If you have a lake or pond out your back door, maybe you rig a pre-filter and install it permanently in the lake with a tubing junction to mate with your filter... Really makes better sense though to have a 2-3 gallon ceramic candle filter unit that will process your water by gravity feed overnite. 5gal buckets are cheap at paint stores, or get used food pkg buckets from a deli or sandwich shop. Rig a series of buckets with toweling, sand, fine mesh screening and pour water through the filter media allowin a clean bucket to catch the strained water. Get the water clean as possible and maybe even boil it if you have Giardia or other organisms present. A cheap crab boil or lobster kettle will do for campfire use or on your cookstove... Once the water is clean, filter it and know you have safe drinking water for sure.

In our home, we have a Katadyn Expedition drip reservoir filter. Cost about $200 from REI and it processes 2.5gal in about 16hrs. We have high purity well water, but like the filter for drinking and cooking. About every year or 9mos the candle filters need cleaning. This is done by removing them from the upper-reservoir and rubbing the accumulated gunk off with a Scotchbrite pad. Doesn't take much rubbing, having several gallons of clean water or running tapwater is a big help. Takes about 15minutes to clean all 3 candle filters and the reservoir.

Replacement filters are available for the Expedition, but we found we could buy a totally new unit (again from REI) almost as cheap as just 3 replacement candles, so we bought another unit.

Lots of ways to move water more effectively than with buckets. A 12v SureFlo RV pump could be used with a garden hose, drawing from a filterhead in your lake/pond and pumping out through an inline canister filter like the $15 Culligan unit, and then into an RV drinking water tank which could be mounted on wheels or on an ATV trailer. Might also use a Waterbed mattress for transport. Not exactly rocket science. There are also jet pumps which will take 115/230volts but if you have a portable inverter and HD battery it may be fine. There are also gasoline operated trash pumps. They can be run clean and used with HD plastic lines to run a lot of water very fast. Then there are ways to setup a hand operated pitcher pump...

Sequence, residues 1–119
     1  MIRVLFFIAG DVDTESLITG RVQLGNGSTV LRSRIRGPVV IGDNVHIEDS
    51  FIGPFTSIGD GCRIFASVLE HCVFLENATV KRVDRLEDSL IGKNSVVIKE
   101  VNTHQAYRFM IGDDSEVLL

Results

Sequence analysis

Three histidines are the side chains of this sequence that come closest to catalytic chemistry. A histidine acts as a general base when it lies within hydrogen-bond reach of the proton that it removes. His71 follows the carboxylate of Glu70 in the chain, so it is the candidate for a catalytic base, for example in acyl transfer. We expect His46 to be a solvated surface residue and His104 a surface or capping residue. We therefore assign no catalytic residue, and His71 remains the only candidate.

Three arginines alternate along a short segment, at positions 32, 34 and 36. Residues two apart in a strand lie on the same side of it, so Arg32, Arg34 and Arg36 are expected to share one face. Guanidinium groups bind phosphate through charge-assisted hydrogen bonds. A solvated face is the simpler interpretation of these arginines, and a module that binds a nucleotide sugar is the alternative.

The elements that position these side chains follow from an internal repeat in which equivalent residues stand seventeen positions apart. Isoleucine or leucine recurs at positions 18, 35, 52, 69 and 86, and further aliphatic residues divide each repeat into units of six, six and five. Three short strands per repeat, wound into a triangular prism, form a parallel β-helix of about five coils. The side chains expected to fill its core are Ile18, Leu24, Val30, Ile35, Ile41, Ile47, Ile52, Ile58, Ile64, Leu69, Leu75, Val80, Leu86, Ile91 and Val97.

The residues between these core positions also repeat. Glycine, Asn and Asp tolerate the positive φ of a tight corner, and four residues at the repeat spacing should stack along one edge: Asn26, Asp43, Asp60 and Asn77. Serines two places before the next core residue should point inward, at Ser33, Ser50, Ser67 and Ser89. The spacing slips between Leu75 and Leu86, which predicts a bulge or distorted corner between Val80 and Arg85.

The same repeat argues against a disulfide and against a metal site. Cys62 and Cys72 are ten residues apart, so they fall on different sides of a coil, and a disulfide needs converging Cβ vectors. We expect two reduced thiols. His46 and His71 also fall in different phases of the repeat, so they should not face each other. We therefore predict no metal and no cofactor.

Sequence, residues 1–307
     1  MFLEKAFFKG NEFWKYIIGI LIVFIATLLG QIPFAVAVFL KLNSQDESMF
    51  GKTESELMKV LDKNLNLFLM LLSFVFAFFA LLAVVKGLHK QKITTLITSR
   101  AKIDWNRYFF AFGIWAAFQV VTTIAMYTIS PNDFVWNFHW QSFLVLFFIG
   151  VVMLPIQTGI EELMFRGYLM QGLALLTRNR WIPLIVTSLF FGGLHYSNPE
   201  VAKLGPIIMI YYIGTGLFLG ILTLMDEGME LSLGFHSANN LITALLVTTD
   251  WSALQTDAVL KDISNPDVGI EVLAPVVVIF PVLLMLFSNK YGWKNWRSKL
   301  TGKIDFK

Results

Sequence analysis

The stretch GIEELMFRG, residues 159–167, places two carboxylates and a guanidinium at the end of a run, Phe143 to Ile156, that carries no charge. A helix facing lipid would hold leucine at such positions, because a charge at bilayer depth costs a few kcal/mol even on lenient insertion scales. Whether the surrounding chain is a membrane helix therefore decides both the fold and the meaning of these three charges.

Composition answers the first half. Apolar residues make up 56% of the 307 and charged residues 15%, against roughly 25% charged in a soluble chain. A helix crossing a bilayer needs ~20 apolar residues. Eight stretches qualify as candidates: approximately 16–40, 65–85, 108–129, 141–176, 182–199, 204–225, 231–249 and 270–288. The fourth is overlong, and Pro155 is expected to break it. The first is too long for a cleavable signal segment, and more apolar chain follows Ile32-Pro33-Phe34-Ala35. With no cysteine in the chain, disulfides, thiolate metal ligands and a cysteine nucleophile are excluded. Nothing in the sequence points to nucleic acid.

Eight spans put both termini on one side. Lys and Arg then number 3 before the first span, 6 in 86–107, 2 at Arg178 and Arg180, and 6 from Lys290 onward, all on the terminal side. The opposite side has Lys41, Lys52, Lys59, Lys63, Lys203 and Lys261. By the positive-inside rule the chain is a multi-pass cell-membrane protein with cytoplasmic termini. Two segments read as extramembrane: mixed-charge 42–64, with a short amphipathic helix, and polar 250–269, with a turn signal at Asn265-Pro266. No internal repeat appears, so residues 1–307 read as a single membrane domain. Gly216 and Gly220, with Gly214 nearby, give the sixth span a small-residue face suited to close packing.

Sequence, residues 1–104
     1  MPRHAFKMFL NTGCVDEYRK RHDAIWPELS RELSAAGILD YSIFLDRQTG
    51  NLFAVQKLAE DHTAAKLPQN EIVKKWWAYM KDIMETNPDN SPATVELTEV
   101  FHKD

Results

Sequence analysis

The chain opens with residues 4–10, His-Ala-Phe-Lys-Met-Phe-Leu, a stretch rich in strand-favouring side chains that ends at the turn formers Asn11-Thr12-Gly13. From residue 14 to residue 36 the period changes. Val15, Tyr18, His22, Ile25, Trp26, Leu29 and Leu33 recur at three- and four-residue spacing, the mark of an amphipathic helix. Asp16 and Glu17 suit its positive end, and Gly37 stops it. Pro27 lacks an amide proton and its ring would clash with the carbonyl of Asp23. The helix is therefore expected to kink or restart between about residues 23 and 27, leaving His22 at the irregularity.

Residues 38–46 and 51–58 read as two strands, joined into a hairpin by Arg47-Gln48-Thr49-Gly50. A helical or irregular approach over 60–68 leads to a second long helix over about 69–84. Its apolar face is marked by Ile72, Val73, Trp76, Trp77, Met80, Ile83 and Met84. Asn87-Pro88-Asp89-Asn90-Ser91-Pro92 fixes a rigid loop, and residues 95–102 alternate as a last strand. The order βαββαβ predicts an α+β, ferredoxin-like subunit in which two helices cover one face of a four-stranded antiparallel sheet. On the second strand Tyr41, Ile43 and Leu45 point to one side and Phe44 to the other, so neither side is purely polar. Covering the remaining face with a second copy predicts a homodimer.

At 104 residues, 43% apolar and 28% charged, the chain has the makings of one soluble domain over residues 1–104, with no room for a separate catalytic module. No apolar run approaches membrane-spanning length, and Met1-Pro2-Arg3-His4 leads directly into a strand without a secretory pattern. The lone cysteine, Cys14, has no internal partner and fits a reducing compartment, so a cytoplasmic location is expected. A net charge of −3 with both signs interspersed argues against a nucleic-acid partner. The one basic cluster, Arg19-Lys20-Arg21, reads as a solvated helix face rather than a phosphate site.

In terms of life and death wilderness survival, the Solar Still is a viable option. Plenty of ways to process water and keep your hydration and sanitation levels high. We haven't even touched on rigging a cistern to catch rainwater from gutters, or positioning rain barrels to catch rainwater runoff from your roof, or digging a well. Lots of these topics covered in old Mother Earth News or Backwoods Living, the Dave Duffy publication.

Being able to make raw-water potable and safe for cooking and cleansing your body as well as household cleaning is most critical. Don't overlook all your options for water capture and pre-filtering. Even getting a bunch of old sheets and towels from a resale can do a lot. Just pour your water through ever-finer weaves and finish up with something like a 100 thread count poly-cotton sheat. Having a set of funnels also helps process all sorts of materials and foodstuffs. Hard to have too many funnels in the kitchen or garage/shop...